Understanding Consciousness, Edition 2
David Bourget (Western Ontario)
David Chalmers (ANU, NYU)
Rafael De Clercq
Ezio Di Nucci
Jonathan Jenkins Ichikawa
Jack Alan Reynolds
Learn more about PhilPapers
Routledge/Psychology Press (2009)
A current, comprehensive summary of Velmans' theoretical work that updates and deepens the analysis given in Edition 1. Part 1 reviews the strengths and weaknesses of all currently dominant theories of consciousness in a form suitable for undergraduates, postgraduates and researchers focusing mainly on dualism, physicalism, functionalism and consciousness in machines. Part 2 gives a new analysis of consciousness, grounded in its everyday phenomenology, which undermines the basis of the dualism versus reductionist debate. It also examines the consequences for realism versus idealism, subjectivity, intersubjectivity and objectivity, and the relation of consciousness to brain processing. Part 3 gives a new synthesis, with a novel approach to understanding what consciousness is and what consciousness does. It also introduces Reflexive Monism, an alternative to dualism and reductionism that is consistent with the findings of science and with common sense.
|Keywords||consciousness mind reflexive monism dualism physicalism functionalism brain information processing first person science third-person science|
|Categories||categorize this paper)|
Setup an account with your affiliations in order to access resources via your University's proxy server
Configure custom proxy (use this if your affiliation does not provide a proxy)
|Through your library|
References found in this work BETA
William E. Seager & David Bourget (2007). Representationalism About Consciousness. In Max Velmans & Susan Schneider (eds.), The Blackwell Companion to Consciousness. Blackwell 261-276.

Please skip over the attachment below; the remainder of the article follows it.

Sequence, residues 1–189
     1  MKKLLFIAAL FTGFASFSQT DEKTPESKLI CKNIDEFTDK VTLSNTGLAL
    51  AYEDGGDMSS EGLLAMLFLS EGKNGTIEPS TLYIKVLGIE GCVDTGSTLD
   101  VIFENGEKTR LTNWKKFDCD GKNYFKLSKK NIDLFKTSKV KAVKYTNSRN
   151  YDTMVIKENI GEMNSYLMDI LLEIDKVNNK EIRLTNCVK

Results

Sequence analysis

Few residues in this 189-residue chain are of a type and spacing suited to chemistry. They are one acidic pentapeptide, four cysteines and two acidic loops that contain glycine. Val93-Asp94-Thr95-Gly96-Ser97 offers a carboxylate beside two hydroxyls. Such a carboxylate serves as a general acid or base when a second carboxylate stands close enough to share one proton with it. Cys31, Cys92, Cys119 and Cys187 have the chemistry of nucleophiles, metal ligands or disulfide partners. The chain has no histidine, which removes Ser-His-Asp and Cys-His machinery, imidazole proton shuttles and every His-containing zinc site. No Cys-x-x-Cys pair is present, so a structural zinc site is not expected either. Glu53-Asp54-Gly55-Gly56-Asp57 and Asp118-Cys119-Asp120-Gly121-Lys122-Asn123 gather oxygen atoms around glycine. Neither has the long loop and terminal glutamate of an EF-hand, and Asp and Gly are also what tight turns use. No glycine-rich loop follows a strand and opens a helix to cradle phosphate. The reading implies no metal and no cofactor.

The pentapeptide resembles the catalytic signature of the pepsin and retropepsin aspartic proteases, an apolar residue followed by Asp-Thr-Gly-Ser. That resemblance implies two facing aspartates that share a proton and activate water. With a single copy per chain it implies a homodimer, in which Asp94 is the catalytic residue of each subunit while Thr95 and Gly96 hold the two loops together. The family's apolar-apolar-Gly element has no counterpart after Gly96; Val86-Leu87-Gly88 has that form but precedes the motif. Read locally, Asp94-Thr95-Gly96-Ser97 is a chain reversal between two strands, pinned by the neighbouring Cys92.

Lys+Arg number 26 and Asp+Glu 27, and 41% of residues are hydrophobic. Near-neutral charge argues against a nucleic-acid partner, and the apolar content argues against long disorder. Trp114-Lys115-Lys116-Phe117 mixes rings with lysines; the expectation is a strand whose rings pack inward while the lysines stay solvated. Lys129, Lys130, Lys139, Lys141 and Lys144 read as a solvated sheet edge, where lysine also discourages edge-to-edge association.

Citations of this work BETA
No citations found.
Similar books and articles
Max Velmans (2002). Making Sense of Causal Interactions Between Consciousness and Brain. Journal of Consciousness Studies 9 (11):69-95.
E. Bisiach (1992). Understanding Consciousness: Clues From Unilateral Neglect and Related Disorders. In A. David Milner & M. D. Rugg (eds.), The Neuropsychology of Consciousness. Academic Press 237--253.
I. Gois (2001). Understanding Consciousness. Disputatio 10:3-21.
Max Velmans (2007). Reflexive Monism. [Journal (Paginated)] (in Press) 15 (2):5-50.
Max Velmans (1998). Goodbye to Reductionism: Complementary First and Third-Person Approaches to Consciousness. In Stuart R. Hameroff, Alfred W. Kaszniak & A. C. Scott (eds.), Toward a Science of Consciousness II. MIT Press 2--45.
Prof Max Velmans (2007). How to Separate Conceptual Issues From Empirical Ones in the Study of Consciousness. In Rahul Banerjee & Bikas Chakrabarti (eds.), [Book Chapter] (in Press). Elsevier
Max Velmans (1990). Consciousness, Brain, and the Physical World. Philosophical Psychology 3 (1):77-99.
Max Velmans (2001). A Natural Account of Phenomenal Consciousness. Communication and Cognition: An Interdisciplinary Quarterly Journal 34 (1):39-59.
Max Velmans (1996). Consciousness and the "Causal Paradox". Behavioral and Brain Sciences 19 (3):538-542.
Sorry, there are not enough data points to plot this chart.
Added to index2009-09-16
Recent downloads (6 months)0
How can I increase my downloads?